A ‘nappy tax’ that would force households that produce more rubbish to pay higher rates for council bin collection has been proposed in South Australia.
Under the system ratepayers would pay slightly lower rates overall but then be charged per kilogram of rubbish collected.
The radical change was put forward by Environment Department insiders and Green Industries SA as part of a government review into the kerbside collection system.
Ratepayers could have to fork out cash per kg of rubbish collected by council under an ‘on the table’ option under consideration in SA
However SA Premier Peter Malinauskas swatted down the proposal this week saying bin collection should not be a ‘pay-as-you-throw’ service.
‘We don’t think there should be a change on council’s obligations to provide that service on an ongoing basis,’ he said.
‘We can absolutely rule that out’.
The Premier’s position is at odds with the boss of Green Industries SA who told a Parliamentary committee in September it was one of many options ‘on the table’ that were being considered.
The Liberal Opposition in the state wants to introduce laws which will prevent any such overhaul and protect the weekly rubbish collection service as is.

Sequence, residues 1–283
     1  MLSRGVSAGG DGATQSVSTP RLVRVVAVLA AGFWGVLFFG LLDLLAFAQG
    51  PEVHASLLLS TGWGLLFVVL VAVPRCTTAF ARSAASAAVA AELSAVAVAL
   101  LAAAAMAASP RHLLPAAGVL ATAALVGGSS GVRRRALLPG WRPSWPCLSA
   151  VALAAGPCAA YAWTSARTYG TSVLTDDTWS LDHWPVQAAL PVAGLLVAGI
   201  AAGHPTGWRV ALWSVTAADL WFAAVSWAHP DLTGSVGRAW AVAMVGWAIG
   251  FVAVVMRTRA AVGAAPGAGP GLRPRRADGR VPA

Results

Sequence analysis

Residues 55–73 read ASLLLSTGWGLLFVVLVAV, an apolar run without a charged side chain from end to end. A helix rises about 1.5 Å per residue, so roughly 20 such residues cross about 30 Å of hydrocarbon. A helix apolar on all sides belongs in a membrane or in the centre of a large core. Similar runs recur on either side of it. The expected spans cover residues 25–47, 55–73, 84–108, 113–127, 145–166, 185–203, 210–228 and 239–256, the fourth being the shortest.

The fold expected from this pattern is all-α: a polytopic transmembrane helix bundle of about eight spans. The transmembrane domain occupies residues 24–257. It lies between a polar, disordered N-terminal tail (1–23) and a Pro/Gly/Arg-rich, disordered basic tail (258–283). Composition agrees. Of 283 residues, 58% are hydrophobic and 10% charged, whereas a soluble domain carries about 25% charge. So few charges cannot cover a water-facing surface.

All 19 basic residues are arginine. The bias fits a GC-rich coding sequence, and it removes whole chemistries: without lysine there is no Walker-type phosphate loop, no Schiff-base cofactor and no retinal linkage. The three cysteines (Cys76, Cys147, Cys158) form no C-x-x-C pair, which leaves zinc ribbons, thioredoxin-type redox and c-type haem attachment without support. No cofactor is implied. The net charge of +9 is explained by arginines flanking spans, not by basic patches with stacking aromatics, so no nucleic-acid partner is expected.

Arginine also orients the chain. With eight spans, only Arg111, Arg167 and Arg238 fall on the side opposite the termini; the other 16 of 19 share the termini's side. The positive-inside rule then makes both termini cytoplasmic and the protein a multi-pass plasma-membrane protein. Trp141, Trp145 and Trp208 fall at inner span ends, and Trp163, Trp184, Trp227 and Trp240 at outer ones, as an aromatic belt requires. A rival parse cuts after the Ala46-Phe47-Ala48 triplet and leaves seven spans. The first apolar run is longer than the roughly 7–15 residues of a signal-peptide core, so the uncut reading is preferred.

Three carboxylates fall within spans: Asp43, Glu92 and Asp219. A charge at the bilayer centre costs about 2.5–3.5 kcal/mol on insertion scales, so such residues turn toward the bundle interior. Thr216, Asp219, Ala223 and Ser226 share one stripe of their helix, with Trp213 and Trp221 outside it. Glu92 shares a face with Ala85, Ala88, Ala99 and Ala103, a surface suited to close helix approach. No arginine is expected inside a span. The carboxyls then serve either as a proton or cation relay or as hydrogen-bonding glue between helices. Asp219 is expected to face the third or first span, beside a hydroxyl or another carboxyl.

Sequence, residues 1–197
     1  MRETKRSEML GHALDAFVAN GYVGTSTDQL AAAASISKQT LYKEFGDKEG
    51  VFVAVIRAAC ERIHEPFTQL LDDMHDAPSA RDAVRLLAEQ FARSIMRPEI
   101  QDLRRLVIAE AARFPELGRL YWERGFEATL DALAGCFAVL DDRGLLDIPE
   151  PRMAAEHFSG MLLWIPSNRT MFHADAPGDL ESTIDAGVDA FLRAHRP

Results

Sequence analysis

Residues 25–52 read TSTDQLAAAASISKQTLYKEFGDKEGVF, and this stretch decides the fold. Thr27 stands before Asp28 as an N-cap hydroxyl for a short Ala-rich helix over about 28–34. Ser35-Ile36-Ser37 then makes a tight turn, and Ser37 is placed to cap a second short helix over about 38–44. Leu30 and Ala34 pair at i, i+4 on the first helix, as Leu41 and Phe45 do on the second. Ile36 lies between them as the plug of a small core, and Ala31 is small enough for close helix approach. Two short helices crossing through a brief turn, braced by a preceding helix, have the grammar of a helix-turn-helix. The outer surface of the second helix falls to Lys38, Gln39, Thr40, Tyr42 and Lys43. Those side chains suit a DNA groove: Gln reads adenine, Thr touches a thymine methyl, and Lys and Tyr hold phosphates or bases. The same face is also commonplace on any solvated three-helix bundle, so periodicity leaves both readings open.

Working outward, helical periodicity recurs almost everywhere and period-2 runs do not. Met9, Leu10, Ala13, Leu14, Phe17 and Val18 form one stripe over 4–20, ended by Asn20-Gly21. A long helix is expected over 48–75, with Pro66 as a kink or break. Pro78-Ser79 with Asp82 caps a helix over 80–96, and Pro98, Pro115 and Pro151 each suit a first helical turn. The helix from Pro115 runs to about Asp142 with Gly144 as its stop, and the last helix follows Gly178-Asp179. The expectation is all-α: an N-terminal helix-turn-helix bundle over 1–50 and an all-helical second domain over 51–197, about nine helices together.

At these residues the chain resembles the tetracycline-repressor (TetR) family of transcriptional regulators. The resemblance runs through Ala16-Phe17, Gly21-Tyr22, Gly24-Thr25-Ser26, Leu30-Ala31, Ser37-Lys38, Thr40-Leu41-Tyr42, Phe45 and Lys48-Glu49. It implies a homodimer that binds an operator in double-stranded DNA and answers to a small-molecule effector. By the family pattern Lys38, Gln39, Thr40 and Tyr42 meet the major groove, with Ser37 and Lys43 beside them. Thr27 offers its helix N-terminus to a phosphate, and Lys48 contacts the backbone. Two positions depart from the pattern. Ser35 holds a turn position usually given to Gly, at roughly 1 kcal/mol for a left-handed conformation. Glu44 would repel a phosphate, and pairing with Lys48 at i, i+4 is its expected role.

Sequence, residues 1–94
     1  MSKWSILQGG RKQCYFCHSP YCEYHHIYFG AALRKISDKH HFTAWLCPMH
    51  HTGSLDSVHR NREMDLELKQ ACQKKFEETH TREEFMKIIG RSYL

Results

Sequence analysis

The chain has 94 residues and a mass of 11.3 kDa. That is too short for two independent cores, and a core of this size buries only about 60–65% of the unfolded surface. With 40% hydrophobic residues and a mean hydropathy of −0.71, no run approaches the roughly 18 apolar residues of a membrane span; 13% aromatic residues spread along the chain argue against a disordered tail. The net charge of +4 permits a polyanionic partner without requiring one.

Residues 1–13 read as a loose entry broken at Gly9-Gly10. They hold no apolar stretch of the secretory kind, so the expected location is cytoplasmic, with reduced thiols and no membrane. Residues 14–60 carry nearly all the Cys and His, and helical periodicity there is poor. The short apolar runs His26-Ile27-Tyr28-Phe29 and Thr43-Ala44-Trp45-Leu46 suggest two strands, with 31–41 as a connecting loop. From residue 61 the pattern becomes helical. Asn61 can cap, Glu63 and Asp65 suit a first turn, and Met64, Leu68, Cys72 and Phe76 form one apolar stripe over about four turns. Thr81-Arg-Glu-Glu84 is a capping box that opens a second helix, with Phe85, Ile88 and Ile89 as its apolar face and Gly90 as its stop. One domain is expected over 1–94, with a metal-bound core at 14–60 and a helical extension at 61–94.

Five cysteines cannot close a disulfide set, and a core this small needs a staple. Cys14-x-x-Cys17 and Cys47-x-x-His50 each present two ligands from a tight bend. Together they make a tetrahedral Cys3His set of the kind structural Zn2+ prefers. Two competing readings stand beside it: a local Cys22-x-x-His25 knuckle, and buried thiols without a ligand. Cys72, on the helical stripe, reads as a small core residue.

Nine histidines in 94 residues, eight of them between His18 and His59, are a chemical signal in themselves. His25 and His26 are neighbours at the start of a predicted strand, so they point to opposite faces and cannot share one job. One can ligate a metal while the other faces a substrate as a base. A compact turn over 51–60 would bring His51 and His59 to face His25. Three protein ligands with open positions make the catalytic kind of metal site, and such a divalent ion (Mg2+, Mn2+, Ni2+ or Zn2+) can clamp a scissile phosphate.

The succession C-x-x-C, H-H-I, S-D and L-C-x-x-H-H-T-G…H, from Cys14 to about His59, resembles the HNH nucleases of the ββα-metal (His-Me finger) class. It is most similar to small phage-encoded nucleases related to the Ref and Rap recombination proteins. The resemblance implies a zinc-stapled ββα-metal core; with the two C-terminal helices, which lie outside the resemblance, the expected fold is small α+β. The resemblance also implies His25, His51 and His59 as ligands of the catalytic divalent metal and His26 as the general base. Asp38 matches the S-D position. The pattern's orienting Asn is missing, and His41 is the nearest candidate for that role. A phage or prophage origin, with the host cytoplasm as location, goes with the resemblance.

‘Don’t just rule it out, support the Liberal Party’s policy,’ Opposition leader David Speirs said.
Residents have slammed the proposal saying it would only result in people dumping rubbish where they weren’t supposed to in order to get around the charge.
‘More illegal dumping will be the answer,’ one said.
‘During a cost of living crisis, governments normally try to release pressure from the people, not to add more financial hardship to collapse the community,’ another said.
‘It just means the whole street will try to put their rubbish into my bin. Will council provide (sell us) individual padlocks?’ added a third.
Sa Premier Peter Malinauskas has ruled out changing the bin collection services but the decision would be up to councils unless laws are brought in to protect it